Sunday, May 22, 2016

The Prairie Crocus

Yes,I'm still catching up with pictures.All winter long it seemed there was little to take pictures of and now I get so many,that I fall behind in posting.
These pictures are from the middle of April.

The Prairie Crocus is not only a pretty little flower,but it is also the floral emblem of Manitoba.

This flower grows on pastureland,on short stems.They are often hard to see unless you are right near them.

Some plants produce a single flower while others have multiple blooms.

This one has just poked through the ground and will open up in a day or two.

While Steve and I were busy photographing these little flowers,Kai was exploring.She found this Crocus.It is almost pure white.I don't know if the color had faded or if this is a variant of the normal purple flower.

The pictures I have shared and others which will come on a later post,were all taken about a mile from my town.

To Think About:
Creation's design points to the Master Designer.

21 comments:

  1. Interesting that there was a white one among the bunch! Have seen them up close and love those hardy little flowers!

    ReplyDelete
  2. It is beautiful!! Almost like a crocus, but with a sunnier and larger center. I have never seen one, they must all be in prairies!

    ReplyDelete
  3. What sweet little flowers and what a fun excursion with your son and granddaughter.

    Have a great week dear Ruth ~ FlowerLady

    ReplyDelete
  4. Beautiful....I like little tidbits like the emblem it is...makes viewing and learning a lot of fun. And such a wonderful array of this gorgeous flower.

    ReplyDelete
  5. These photography excursions with Steve and Kai are building memories for all of you, but especially for Kai. She has a sharp eye to have spotted that little white prairie crocus. How interesting that this little flower is an emblem of Manitoba.

    ReplyDelete
  6. they are all beautiful. i like the one that is about to open.. so pretty. i think i like the purple best, but the white is pretty to... i would love to see a field of these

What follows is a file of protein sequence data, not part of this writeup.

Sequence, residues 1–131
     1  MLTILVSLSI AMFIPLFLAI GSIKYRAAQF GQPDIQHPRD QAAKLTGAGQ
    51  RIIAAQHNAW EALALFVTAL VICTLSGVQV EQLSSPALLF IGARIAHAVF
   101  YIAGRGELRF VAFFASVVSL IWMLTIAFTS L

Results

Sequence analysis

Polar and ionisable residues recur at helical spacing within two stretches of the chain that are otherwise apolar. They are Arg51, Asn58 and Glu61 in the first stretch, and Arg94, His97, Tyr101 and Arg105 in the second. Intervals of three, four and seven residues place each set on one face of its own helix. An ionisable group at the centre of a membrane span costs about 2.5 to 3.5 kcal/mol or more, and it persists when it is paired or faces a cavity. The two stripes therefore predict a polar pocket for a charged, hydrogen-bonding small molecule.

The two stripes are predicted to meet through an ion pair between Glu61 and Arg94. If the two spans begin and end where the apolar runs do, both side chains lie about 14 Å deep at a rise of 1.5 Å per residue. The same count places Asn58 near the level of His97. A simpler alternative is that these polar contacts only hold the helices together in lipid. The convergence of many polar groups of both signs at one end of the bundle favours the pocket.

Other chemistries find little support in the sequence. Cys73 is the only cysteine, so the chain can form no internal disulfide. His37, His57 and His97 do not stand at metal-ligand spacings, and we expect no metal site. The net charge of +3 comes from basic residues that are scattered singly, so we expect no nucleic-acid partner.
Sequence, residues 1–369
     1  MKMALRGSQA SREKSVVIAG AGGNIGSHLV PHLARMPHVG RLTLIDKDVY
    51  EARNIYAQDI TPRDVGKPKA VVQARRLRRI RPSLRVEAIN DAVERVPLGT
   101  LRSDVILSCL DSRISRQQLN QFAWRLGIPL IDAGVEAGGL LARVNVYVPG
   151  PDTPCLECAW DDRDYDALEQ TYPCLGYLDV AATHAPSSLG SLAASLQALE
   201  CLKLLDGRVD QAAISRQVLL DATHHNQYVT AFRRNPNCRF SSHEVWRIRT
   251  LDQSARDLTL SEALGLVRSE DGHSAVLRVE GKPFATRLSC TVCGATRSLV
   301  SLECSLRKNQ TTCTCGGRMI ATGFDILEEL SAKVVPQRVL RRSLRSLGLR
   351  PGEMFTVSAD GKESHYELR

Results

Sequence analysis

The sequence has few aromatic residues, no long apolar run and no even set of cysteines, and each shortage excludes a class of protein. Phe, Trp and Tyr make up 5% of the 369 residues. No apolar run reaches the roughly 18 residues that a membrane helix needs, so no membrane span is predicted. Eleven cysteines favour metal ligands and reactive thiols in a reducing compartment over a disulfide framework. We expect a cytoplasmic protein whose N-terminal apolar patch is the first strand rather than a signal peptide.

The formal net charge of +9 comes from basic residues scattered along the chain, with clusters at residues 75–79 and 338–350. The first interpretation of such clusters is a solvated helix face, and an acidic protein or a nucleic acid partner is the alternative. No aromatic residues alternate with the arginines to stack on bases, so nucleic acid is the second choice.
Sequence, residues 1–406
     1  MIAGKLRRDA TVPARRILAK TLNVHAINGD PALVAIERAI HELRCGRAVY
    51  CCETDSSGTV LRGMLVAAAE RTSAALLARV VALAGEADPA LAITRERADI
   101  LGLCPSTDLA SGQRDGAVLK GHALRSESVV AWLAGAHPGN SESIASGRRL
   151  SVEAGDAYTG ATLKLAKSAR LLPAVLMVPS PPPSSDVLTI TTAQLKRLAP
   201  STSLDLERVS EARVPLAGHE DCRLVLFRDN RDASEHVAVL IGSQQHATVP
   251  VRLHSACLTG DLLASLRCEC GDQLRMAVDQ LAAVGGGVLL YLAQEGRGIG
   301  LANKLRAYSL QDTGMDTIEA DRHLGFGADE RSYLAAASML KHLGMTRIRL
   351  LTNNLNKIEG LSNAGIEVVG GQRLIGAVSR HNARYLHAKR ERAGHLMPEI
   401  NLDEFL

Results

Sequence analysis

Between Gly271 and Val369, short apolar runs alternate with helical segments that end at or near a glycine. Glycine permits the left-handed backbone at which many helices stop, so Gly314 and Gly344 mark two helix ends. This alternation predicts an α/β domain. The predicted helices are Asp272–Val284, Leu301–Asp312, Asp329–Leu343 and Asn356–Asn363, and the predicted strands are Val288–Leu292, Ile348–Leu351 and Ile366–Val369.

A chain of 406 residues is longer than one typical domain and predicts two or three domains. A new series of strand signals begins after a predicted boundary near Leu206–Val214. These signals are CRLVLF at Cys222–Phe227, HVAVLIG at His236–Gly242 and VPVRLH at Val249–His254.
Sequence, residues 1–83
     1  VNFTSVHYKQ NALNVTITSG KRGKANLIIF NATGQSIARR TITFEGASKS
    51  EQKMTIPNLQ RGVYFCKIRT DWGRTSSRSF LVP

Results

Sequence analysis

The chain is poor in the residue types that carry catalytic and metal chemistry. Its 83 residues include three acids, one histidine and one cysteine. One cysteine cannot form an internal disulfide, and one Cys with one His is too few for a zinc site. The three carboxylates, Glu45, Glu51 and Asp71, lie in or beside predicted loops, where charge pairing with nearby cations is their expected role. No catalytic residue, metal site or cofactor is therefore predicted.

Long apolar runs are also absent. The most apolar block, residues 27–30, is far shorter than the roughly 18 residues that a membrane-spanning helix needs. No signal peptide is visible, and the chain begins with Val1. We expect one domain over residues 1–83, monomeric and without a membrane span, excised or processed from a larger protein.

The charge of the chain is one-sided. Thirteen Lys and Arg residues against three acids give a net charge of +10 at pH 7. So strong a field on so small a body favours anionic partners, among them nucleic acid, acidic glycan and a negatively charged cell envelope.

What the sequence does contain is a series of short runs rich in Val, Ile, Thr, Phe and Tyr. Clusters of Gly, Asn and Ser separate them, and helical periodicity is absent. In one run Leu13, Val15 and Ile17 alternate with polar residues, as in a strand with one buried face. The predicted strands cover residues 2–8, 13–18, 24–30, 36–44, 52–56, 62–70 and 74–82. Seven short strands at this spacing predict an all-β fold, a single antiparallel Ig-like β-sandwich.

ReplyDelete
  7. Your prairie crocus is a beautiful flower. It's a perfect emblem for Manitoba.

    ReplyDelete
  8. A wonderful flower & emblem to remind us that winter surely gives way to light & loveliness in spring!

    ReplyDelete
  9. Love that little crocus.... Not sure I've ever seen a Prairie Crocus before. LOVE it....Glad the 3 of you were out exploring.. Kai found a pretty one also..... Tell her that I already LIKE her..... She's your granddaughter --so that makes her the BEST.

    Hugs,
    Betsy

    ReplyDelete
  10. Hi Ruth, These are just some excellent photos that show us the power of the Creator. Look at the beauty coming out of that soil. It's just amazing and you captured the beauty so well. Thanks for sharing your photography, as always. Wishing you a fine week ahead!

    ReplyDelete
  11. This looks like a member of the Pulsatilla family - ours that bloom in the mountains are called Pasque, but there are many varieties.

    ReplyDelete
  12. Well, aren't these adorable little hairy things popping up out of the ground!:)

    ReplyDelete
  13. I looked at pictures of prairie crocus and saw that they were white and purple/blue. Other varieties come in other colors. They are lovely.

    ReplyDelete
  14. This pretty flower is one that is new to me. Thanks for sharing it with us!

    ReplyDelete
  15. I agree with you ending quote.

    They are such delicute-looking flowers, and it looked like the outside of the petals was fuzzy.

    ReplyDelete
  16. I agree with you ending quote.

    They are such delicute-looking flowers, and it looked like the outside of the petals was fuzzy.

    ReplyDelete
  17. The ones in the mountains here might have a longer stem but they look like those. I love them, I think because they were probably the first flower I could identify as a child. Thanks for the lovely pictures of them, Ruth. Diane

    ReplyDelete
  18. I guess they grow wild then? They are lovely little flowers, I would love to see them. Are they all pink or white. We buy something similar and plant in the garden.

    ReplyDelete
  19. In Arkansas, I've had to plant them. I don't think I've seen them here growing wild.

    ReplyDelete

Thank-you for taking the time to visit this blog.I would appreciate your comments.I read everyone,but do not always take the time to respond to each one.Please come back again real soon.
Ruth